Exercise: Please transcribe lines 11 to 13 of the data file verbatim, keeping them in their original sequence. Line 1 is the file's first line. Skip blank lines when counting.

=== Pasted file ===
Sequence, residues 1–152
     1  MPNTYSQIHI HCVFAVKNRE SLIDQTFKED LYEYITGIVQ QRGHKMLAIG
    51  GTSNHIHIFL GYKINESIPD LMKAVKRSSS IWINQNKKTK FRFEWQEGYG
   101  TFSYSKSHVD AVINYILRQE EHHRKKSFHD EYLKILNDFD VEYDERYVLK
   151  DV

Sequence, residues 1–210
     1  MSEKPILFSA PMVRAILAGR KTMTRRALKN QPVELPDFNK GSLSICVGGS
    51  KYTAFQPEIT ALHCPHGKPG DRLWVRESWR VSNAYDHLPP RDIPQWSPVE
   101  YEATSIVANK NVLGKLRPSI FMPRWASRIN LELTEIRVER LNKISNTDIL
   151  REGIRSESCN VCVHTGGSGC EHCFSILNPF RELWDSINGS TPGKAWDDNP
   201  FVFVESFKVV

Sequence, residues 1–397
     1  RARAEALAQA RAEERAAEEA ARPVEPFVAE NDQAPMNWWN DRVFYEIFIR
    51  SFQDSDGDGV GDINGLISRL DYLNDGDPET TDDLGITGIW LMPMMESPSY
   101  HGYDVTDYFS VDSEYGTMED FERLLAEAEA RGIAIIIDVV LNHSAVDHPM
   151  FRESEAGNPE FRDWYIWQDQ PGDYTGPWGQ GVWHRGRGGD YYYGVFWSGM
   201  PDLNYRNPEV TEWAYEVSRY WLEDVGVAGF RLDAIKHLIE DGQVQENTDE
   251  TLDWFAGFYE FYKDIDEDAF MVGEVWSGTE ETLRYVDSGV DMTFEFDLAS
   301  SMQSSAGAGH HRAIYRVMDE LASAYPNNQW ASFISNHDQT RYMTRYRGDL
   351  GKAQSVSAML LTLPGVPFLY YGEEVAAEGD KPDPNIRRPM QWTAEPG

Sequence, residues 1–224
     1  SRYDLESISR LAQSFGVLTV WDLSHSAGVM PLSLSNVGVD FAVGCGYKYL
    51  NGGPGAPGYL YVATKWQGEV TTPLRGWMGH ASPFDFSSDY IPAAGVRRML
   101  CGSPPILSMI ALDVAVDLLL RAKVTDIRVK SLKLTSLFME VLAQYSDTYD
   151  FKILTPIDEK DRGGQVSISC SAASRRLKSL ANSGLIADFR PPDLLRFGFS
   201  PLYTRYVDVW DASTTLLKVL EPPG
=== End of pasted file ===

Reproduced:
   201  FVFVESFKVV

Sequence, residues 1–397
     1  RARAEALAQA RAEERAAEEA ARPVEPFVAE NDQAPMNWWN DRVFYEIFIR